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Laue equations

From Wikipedia, the free encyclopedia

Laue equation
Laue equation

In crystallography, the Laue equations relate the incoming waves to the outgoing waves in the process of diffraction by a crystal lattice. They are named after physicist Max von Laue (1879–1960). They reduce to Bragg's law.

The Laue equations

Let be the primitive vectors of the crystal lattice , whose atoms are located at the points that are integer linear combinations of the primitive vectors.

Let be the wavevector of the incoming (incident) beam, and let be the wavevector of the outgoing (diffracted) beam. Then the vector is called the scattering vector (also called transferred wavevector) and measures the change between the two wavevectors.

The three conditions that the scattering vector must satisfy, called the Laue equations, are the following: the numbers determined by the equations

must be integer numbers. Each choice of the integers , called Miller indices, determines a scattering vector . Hence there are infinitely many scattering vectors that satisfy the Laue equations. They form a lattice , called the reciprocal lattice of the crystal lattice. This condition allows a single incident beam to be diffracted in infinitely many directions. However, the beams that correspond to high Miller indices are very weak and can't be observed. These equations are enough to find a basis of the reciprocal lattice, from which the crystal lattice can be determined. This is the principle of x-ray crystallography.

Mathematical derivation

The incident and diffracted beams are planar wave excitations

of a field that for simplicity we take as scalar, even though the main case of interest is the electromagnetic field, which is vectorial.

The two waves propagate through space independently, except at the points of the lattice, where they resonate with the oscillators, so their phase must coincide.[1] Hence for each point of the lattice we have

or equivalently, we must have

for some integer , that depends on the point . Simplifying we get

Now, it is enough to check that this condition is satisfied at the primitive vectors (which is exactly what the Laue equations say), because then for the other points we have

where is the integer .

This ensures that if the Laue equations are satisfied, then the incoming and outgoing wave have the same phase at all points of the crystal lattice, so the oscillation of the atoms, that follows the incoming wave, can at the same time generate the outgoing wave.

Relation to Bragg's Law

If is the reciprocal lattice vector, we know by definition of the reciprocal lattice basis vectors that , where is an integer (we use the definition for a reciprocal lattice vector which gives the factor of ). But notice that this is nothing but the Laue equations. Hence we identify , this is sometimes called the Laue condition. In a sense, diffraction patterns are a way to experimentally measure the reciprocal lattice.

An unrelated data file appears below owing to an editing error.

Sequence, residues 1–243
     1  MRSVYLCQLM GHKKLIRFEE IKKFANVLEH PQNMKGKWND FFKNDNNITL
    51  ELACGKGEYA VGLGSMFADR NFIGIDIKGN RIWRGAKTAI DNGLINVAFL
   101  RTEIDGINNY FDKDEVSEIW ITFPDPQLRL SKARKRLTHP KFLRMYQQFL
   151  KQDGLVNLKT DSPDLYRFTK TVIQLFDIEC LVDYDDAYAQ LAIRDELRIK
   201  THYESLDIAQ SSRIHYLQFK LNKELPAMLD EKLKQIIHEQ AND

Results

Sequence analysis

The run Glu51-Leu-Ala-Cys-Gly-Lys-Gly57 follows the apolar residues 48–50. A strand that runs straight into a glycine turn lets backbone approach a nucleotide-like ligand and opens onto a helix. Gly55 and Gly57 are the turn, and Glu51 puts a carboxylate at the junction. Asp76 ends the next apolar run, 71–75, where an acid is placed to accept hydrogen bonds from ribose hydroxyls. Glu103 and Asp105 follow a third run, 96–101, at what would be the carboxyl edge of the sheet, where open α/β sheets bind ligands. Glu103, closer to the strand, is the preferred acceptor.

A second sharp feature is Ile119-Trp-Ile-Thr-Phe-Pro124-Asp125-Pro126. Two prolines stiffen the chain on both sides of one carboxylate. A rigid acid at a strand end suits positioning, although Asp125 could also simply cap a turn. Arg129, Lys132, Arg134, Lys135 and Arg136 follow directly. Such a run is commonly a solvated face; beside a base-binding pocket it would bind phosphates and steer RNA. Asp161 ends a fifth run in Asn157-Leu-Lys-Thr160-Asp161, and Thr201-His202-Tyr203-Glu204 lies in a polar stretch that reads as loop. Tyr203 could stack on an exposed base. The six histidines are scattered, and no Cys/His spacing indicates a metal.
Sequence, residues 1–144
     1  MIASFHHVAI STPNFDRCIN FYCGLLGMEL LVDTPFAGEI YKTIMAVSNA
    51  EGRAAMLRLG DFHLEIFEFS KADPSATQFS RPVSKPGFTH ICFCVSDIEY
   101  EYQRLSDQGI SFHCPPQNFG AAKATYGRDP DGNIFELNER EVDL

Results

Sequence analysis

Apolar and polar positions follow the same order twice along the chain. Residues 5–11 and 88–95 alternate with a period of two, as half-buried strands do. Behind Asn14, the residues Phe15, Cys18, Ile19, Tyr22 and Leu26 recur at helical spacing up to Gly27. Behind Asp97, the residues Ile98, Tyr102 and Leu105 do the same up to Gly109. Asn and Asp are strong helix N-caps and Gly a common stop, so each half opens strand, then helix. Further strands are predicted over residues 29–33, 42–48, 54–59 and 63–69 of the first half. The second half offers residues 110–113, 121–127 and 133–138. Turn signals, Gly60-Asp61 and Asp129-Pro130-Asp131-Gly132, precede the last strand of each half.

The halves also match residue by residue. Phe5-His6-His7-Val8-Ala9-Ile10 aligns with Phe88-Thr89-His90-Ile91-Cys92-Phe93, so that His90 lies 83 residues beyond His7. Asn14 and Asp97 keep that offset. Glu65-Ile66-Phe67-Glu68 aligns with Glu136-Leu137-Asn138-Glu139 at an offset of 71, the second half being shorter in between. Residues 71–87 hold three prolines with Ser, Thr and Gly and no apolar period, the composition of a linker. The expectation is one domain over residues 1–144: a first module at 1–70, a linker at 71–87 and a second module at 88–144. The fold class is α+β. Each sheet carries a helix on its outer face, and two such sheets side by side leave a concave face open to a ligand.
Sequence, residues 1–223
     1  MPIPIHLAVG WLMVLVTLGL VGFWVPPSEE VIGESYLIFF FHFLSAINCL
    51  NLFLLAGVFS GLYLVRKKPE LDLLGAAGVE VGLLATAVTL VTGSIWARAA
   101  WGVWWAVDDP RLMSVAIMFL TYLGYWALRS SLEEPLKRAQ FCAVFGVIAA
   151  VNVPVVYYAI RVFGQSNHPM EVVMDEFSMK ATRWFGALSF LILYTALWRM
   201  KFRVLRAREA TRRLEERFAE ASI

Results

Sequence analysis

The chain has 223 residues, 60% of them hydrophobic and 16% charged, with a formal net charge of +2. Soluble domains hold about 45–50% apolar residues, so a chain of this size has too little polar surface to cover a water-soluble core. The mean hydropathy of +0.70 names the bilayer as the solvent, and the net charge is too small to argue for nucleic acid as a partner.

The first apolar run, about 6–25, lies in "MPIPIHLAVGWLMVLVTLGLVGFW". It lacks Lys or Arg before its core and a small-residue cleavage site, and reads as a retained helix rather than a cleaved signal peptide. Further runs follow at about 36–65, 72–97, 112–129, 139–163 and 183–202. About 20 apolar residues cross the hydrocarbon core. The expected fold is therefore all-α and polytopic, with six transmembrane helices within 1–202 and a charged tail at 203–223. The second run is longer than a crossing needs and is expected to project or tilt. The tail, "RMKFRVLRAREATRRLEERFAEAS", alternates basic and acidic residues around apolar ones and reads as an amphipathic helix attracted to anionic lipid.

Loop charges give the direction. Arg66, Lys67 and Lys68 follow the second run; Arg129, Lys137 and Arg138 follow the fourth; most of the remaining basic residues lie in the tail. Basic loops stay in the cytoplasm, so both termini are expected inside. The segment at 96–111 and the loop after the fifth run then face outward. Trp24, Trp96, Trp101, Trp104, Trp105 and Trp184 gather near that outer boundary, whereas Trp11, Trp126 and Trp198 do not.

Rewriting the Laue condition:[2]

Applying the elastic scattering condition to the above equation, we obtain:


Essentially, the Laue condition is the conservation of momentum and is a consequence of the very general statement that the crystal momentum is only conserved up to a reciprocal lattice vector, while the elastic condition is the conservation of energy carried by the X-rays (i.e. the crystal gains no energy from scattering radiation).

The result is an equation for a plane (geometry). The vector specifies a set of Bragg planes in reciprocal space normal to it. Note that this implies a corresponding set of Bragg planes in real space, i.e. integer solutions for to the equation for integer coefficients and order . The vectors , , and form an isosceles triangle. This means that X-rays seemingly "reflect" off these planes at the same angle as their angle of approach (with respect to the plane).

Since the angle between and is , this implies that . Clearly, . If the lattice constant is , then ; this is because by definition we require , and moreover we can pick a set of Bragg planes in real space with interplane separation , and without loss of generality choose parallel to . With these, we now recover Bragg's law:


  • Kittel, C. (1976). Introduction to Solid State Physics, New York: John Wiley & Sons. ISBN 0-471-49024-5
  1. ^ More realistically, the oscillators of the lattice should lag behind the incoming wave, and the outcoming wave should lag behind the oscillator. But since the lag is the same at all point of the lattice, the only effect of this correction would be global shift of phase of the outcoming wave, which we are not taking into consideration.
  2. ^ Chaikin, P. M.; Lubensky, T. C. Principles of condensed matter physics. p. 47. ISBN 0521794501.
This page was last edited on 2 December 2020, at 08:00
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